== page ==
The theme of chapter three is that of faith. James began by speaking about being rich in faith, as opposed to being poor in faith. Ironically, he says the poor man is rich in faith, and the rich are poor in faith. But it was evident that James was speaking of a kind of faith that produces love. Love being the evidence of faith. And love that is partial to certain people or shows favoritism is not the love which we are to have as Christians. But we are to love like Christ loved us, which means that our faith has changed our natural inclinations to become like Christ.
James then indicated that faith in Christ changes us so that we desire to keep the royal law, which is to love your neighbor as yourself. So we understand that when James speaks of faith, he is not speaking of just a theological principle, but he speaks of a practical outcome of our faith. Rich faith, which is true faith, is life changing, in that it produces a new nature that produces works that are like Christ – such as by showing mercy.
In this second half of this chapter, James goes on to further develop the principle of faith, by saying that real faith doesn’t stop at just an intellectual assent, but real faith is living, that is active, and working. If faith doesn’t produce love, then James says that it is not living faith at all, but dead faith. Perhaps it can be illustrated in the analogy of a tree, that faith is the root and the trunk of the tree, and love is the branches. The life of the tree requires both root and branches, they cannot be separated. For it to be living, fruitful, it requires both.
So James begins this teaching by asking a question, using a style of teaching similar to Jesus which helps to engage the hearer in his reasoning. He says in vs14, “What use is it, my brethren, if someone says he has faith but he has no works? Can that faith save him?” The way the question is posed gives us a clue to it’s answer. The answer is no, faith without works is not saving faith, it’s not living faith, any more than a tree that doesn’t produce fruit is a good tree.
Notice something though in the way James frames this question. He says the one who says, or claims to have faith. James doesn’t say that he has faith but no works. He says the man claims to have faith but no works. That is a huge distinction. The man claims to have faith, but there is no evidence of it in his life. Now if a man actually had real faith, James indicates that he would have works. Real faith, saving faith produces works as certainly as a good tree, a living tree, produces fruit.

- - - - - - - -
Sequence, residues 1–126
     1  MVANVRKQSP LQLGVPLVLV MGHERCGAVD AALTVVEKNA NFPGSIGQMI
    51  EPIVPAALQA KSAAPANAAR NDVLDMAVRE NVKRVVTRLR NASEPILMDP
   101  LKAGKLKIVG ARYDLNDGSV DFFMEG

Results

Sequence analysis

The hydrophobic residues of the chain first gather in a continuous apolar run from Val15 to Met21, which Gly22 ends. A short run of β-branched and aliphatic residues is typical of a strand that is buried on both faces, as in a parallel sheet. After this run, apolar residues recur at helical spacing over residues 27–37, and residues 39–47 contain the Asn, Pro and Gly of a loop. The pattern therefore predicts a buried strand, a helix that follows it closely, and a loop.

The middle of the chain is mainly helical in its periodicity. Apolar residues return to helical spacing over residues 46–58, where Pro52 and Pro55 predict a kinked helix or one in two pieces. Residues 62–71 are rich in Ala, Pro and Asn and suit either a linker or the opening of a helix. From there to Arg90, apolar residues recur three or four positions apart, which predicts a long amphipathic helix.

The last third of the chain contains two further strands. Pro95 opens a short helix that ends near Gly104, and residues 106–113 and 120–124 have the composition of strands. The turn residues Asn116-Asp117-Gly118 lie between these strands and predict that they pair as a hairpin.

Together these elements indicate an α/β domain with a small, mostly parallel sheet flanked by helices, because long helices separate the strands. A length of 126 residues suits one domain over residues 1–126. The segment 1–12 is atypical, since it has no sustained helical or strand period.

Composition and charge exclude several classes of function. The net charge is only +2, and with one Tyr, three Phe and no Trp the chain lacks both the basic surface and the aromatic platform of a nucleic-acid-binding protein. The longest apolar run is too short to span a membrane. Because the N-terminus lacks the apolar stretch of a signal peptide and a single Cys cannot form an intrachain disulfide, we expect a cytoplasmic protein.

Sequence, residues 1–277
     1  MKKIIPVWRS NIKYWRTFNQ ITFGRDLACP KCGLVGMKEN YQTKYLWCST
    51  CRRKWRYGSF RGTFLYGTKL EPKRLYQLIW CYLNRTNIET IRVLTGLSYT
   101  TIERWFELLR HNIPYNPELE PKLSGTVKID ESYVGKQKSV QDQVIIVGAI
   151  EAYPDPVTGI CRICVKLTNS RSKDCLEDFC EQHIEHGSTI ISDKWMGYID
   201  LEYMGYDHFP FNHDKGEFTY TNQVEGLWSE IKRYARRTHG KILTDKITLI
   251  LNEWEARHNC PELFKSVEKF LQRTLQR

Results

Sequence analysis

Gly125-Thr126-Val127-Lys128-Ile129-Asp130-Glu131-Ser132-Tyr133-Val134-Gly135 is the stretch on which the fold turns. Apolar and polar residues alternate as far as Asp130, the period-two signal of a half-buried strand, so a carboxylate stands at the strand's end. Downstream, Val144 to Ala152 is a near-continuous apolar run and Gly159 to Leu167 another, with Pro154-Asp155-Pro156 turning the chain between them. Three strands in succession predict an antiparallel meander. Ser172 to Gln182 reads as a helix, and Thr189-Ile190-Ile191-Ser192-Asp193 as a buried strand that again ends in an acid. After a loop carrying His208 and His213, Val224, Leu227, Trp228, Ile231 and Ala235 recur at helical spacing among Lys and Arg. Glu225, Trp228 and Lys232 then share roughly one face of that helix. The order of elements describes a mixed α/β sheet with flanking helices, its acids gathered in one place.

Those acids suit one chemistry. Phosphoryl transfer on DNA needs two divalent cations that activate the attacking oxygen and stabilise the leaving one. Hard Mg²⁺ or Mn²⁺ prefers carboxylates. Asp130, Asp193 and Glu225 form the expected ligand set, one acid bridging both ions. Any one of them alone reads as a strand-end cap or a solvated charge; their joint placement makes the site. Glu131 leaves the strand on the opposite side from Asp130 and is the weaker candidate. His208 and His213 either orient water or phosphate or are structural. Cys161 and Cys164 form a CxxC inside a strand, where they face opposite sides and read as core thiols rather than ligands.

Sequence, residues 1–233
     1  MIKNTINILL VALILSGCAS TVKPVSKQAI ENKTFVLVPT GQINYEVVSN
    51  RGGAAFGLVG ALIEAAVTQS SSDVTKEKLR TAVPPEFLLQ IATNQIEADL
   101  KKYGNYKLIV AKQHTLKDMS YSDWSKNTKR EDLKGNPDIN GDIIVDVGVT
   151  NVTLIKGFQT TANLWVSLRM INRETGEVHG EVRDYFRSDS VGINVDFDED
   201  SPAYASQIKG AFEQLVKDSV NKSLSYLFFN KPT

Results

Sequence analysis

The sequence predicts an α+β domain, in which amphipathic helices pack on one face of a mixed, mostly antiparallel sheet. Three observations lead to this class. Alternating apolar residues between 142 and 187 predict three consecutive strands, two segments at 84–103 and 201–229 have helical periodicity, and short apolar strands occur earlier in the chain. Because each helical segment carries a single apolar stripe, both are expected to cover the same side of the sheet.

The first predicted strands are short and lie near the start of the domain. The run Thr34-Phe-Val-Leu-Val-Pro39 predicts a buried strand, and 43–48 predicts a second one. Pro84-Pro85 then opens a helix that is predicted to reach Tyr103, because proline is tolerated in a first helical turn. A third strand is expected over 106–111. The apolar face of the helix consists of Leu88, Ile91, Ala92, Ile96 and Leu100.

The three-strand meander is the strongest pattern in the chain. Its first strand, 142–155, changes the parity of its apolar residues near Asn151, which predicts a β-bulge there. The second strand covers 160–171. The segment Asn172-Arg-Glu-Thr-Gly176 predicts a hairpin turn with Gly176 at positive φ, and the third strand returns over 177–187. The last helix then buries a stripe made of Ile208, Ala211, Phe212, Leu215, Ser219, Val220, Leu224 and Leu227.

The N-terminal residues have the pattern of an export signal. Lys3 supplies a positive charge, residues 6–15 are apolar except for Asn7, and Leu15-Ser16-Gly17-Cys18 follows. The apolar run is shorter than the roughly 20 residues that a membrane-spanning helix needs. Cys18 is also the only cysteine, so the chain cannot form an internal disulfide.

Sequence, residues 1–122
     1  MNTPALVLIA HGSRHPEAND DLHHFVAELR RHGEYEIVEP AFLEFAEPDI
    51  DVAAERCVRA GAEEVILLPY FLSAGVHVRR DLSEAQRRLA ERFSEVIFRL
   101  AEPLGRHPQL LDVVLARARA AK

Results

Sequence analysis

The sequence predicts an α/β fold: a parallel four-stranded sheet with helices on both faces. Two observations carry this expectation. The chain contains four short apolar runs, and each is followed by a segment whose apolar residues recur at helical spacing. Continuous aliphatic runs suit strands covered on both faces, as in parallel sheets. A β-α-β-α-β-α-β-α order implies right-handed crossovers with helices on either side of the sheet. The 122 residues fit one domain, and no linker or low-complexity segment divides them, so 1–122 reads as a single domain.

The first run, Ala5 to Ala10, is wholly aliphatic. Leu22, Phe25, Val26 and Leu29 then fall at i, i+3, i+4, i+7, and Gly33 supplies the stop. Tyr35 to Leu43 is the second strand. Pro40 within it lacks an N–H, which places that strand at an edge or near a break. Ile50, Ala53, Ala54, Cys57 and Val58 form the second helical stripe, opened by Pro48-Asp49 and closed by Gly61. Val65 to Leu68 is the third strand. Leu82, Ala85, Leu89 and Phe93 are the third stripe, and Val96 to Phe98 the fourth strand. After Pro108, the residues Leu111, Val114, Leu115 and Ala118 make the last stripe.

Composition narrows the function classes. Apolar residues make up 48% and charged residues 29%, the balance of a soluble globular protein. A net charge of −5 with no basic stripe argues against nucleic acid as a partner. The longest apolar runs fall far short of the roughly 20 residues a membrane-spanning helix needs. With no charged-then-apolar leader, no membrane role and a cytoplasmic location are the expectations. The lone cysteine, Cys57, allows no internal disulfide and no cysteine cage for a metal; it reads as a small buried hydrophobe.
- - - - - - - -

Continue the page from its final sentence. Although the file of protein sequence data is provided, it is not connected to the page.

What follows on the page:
But notice what James is not saying. He is not saying that good works produce faith, but that real faith produces works. Again, there is a big difference. James is indicating in his question that this man does not have saving faith, because there are no works to prove it. So what good is his confession, or his intellectual assent? Can that type of faith which is only an intellectual assent to the truth, can that faith save him. And the answer is no, he isn’t actually saved, even though he believes, or claims to believe.
To lay elaborate on that possibility, James gives a hypothetical situation, similar to what he began with in vs 1, a hypothetical situation which is set in the church, where we should be known for our Christian love. He says in vs 15, “If a brother or sister is without clothing and in need of daily food, and one of you says to them, “Go in peace, be warmed and be filled,” and yet you do not give them what is necessary for [their] body, what use is that?”
The illustration is set in the context of the church. Presumably the church is made up of those who are of the faith. In the previous illustration at the beginning of the chapter, we see the possibility in the church of showing favoritism and not true Christian love, depending on the social standing or wealth of someone. Now in this illustration, we see the example of not necessarily favoritism, but rather neglect, or uncaring disregard for another brother or sister in the church.
The picture James presents is of a desperate person who is without proper clothing or food, basic necessities for life. And the person who sees them offers them nothing but words, but does not provide anything of substance to supply their need. Again, James asks the question, “what good is that?” What use are empty words without providing any help?
Perhaps in the response of the church member to the needy person there is a hint of the old adage, “God helps those who help themselves.” Have you ever heard that expression? I think we often use such logic to get off the hook in feeling some obligation to help someone. But is that the way God responds to our needs? No, God doesn’t tell us we need to pull ourselves up by the bootstraps. But rather, God is merciful, and helps those who cannot help themselves. Paul says in Romans 5:6 “For while we were still helpless, at the right time Christ died for the ungodly.” God shows mercy on those who cannot help themselves, and as those who have received mercy, we should also show mercy on those in need.
So the question is, what use is it to say you have faith, but ignore the need of a brother? The answer James gives in vs 17, “Even so faith, if it has no works, is dead, [being] by itself.” Dead faith is no help at all. And James says that faith without works is dead. James contrasts living, working, active faith, with faith that is dead, lifeless, and fruitless. Notice, he says if faith is by itself, it’s useless, it’s dead. Faith and action must go together. Even more to the point, faith that is void of works is not real faith at all. It is dead. Our faith in Christ made that which was dead come to life, and life produces action, it produces works.